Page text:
Vaccination FAQs (cont.)
Edmond Hooker, MD, DrPH
Dr. Eddie Hooker is currently an Assistant Professor in the Department of Health Services Administration at Xavier University in Cincinnati, Ohio. He is also an Associate Clinical Professor in the Department of Emergency Medicine at the University of Louisville and at Wright State University. His areas of expertise include emergency medicine, epidemiology, health-services management, and public health.
Melissa Conrad Stöppler, MD
Melissa Conrad Stöppler, MD, is a U.S. board-certified Anatomic Pathologist with subspecialty training in the fields of Experimental and Molecular Pathology. Dr. Stöppler's educational background includes a BA with Highest Distinction from the University of Virginia and an MD from the University of North Carolina. She completed residency training in Anatomic Pathology at Georgetown University followed by subspecialty fellowship training in molecular diagnostics and experimental pathology.
In this Article
- Why do people need vaccines? What is immunization? What is immunity?
- How can people become immune (protected)?
- Are there different types of vaccines?
- Can people receive multiple vaccinations during one visit to the doctor?
- Are there any dangers to being immunized?
- Can people with severe egg allergies still get an annual influenza vaccination?
- What reactions are likely after an immunization?
- Who should not receive a vaccine?
- What vaccines can women receive while pregnant?
- What are invalid reasons for postponing vaccination?
- Are side effects associated with vaccines?
- Why do people keep getting vaccines if the numbers of cases of the vaccine preventable diseases are at a record low in the United States?
- What should people do if they experience a reaction to a vaccine?
- Is there any financial help for people who have been seriously injured by vaccines?
- Is there anything different that health-care workers need to do compared with non-health-care workers?
- Do people need any additional vaccinations for foreign travel?
- Where can people find additional information on immunizations?
Are side effects associated with vaccines?
The side effects of most vaccines are mild and go away with in a few days. Common side effects of many vaccines include soreness at the injection site, low-grade fever, fatigue, headache, and muscle aches. However, some vaccines can have serious or even life-threatening reactions. Thousands of lives are saved for every serious side effect that is caused. The specific side effects of specific vaccines are found at http://www.cdc.gov/vaccines/vac-gen/side-effects.htm.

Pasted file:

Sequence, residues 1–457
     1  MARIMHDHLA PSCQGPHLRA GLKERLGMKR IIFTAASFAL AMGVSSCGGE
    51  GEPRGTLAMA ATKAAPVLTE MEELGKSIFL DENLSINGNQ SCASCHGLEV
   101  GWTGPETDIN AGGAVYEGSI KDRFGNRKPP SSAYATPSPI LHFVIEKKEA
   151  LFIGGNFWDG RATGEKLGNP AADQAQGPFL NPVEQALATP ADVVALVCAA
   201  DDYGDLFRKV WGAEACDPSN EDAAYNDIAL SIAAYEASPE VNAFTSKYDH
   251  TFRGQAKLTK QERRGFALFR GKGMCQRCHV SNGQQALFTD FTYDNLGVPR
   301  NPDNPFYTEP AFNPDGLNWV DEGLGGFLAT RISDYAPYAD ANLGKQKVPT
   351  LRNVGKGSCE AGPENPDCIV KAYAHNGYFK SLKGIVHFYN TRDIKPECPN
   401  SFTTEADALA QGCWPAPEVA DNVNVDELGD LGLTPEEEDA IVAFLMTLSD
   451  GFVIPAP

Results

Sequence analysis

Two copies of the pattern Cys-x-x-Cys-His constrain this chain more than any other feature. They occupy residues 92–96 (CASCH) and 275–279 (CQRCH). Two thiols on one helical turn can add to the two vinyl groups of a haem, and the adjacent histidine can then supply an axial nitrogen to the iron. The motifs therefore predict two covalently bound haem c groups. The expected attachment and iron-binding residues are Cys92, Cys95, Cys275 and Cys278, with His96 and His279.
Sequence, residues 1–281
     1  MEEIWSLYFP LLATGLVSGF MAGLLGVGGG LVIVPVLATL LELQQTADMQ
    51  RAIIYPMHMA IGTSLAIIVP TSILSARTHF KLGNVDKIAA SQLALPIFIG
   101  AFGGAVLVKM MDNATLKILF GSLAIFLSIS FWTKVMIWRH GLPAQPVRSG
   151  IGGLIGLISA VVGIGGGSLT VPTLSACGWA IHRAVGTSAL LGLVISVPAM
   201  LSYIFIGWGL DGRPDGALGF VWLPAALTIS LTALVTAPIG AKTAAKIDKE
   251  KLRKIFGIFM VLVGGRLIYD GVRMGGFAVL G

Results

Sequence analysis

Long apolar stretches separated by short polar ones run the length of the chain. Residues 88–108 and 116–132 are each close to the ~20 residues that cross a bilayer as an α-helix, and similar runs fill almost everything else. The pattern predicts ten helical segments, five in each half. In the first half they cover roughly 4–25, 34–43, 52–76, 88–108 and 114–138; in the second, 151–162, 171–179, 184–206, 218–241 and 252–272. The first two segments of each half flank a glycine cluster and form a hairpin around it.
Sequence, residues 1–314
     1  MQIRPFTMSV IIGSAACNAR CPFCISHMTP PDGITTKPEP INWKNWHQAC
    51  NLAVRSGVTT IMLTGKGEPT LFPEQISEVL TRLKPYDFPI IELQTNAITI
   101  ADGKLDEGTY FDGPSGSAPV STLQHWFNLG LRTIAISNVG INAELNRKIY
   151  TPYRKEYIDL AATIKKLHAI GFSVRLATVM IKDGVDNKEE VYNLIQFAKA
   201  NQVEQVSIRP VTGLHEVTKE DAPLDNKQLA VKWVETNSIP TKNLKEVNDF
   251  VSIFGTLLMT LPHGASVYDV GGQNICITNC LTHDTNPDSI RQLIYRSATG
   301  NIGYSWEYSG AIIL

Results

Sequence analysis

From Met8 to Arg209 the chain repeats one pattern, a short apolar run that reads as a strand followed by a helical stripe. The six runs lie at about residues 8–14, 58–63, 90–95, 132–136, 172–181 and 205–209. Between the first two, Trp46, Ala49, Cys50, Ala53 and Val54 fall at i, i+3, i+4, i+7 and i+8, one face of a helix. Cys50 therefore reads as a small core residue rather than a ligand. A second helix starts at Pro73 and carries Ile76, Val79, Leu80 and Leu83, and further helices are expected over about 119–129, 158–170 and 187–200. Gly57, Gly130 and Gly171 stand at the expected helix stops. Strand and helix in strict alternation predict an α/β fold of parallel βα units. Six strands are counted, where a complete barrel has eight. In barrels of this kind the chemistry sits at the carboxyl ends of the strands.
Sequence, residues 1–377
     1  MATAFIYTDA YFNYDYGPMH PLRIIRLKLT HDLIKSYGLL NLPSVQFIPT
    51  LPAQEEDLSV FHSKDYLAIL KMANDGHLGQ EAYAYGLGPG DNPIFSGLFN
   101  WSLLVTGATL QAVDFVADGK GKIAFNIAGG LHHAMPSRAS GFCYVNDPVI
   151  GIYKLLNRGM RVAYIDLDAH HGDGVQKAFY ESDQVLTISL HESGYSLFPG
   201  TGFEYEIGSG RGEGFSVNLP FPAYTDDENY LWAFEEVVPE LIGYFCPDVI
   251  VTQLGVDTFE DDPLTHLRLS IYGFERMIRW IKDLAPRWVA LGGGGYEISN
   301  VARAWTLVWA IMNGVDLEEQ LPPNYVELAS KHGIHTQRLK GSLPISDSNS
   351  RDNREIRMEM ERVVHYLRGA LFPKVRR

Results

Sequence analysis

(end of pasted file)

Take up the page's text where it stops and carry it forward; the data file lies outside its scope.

Why do people keep getting vaccines if the numbers of cases of the vaccine preventable diseases are at a record low in the United States?
Vaccine-preventable diseases are indeed infrequent in the United States because of the success of the vaccine program. However, if people stop receiving vaccines, these diseases will come back rapidly. This occurred with measles in the early 1990s and resulted in many deaths.
What should people do if they experience a reaction to a vaccine?
If the reaction is a mild reaction with just some injection-site tenderness, low-grade fever, fatigue and headache, then simply taking a dose or two of acetaminophen (Tylenol) may be helpful. The use of ibuprofen or other nonsteroidal anti-inflammatory drugs has been discouraged because of the concern that these drugs might decrease the immune response after the vaccine (make the vaccine less effective). Studies are still ongoing at this time. It is best to check with the physician who ordered the vaccine if you are concerned about the symptoms or you want to take something for the symptoms.
If you think you are having a serious side effect, consult your physician immediately. If a person is seriously injured by a vaccine, there is available compensation through the National Childhood Vaccine Injury Act.
Is there any financial help for people who have been seriously injured by vaccines?
In 1986, the United States government set up the National Childhood Vaccine Injury Act. This act provides a "no fault" compensation mechanism for people injured by vaccines.
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